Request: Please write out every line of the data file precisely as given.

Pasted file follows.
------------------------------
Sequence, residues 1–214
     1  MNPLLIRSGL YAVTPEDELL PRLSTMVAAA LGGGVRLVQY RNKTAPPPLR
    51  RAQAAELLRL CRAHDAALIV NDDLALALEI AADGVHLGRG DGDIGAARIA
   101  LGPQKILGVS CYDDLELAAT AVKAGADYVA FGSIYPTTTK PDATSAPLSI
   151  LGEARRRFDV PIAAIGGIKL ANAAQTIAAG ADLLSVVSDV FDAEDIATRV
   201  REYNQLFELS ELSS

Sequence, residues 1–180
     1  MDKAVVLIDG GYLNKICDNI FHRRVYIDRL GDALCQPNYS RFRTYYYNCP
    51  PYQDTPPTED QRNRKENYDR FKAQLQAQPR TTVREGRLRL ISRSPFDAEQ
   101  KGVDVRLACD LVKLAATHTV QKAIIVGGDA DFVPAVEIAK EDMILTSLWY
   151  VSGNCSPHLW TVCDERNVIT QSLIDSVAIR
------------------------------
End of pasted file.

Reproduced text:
Sequence, residues 1–214
     1  MNPLLIRSGL YAVTPEDELL PRLSTMVAAA LGGGVRLVQY RNKTAPPPLR
    51  RAQAAELLRL CRAHDAALIV NDDLALALEI AADGVHLGRG DGDIGAARIA
   101  LGPQKILGVS CYDDLELAAT AVKAGADYVA FGSIYPTTTK PDATSAPLSI
   151  LGEARRRFDV PIAAIGGIKL ANAAQTIAAG ADLLSVVSDV FDAEDIATRV
   201  REYNQLFELS ELSS

Sequence, residues 1–180
     1  MDKAVVLIDG GYLNKICDNI FHRRVYIDRL GDALCQPNYS RFRTYYYNCP
    51  PYQDTPPTED QRNRKENYDR FKAQLQAQPR TTVREGRLRL ISRSPFDAEQ
   101  KGVDVRLACD LVKLAATHTV QKAIIVGGDA DFVPAVEIAK EDMILTSLWY
   151  VSGNCSPHLW TVCDERNVIT QSLIDSVAIR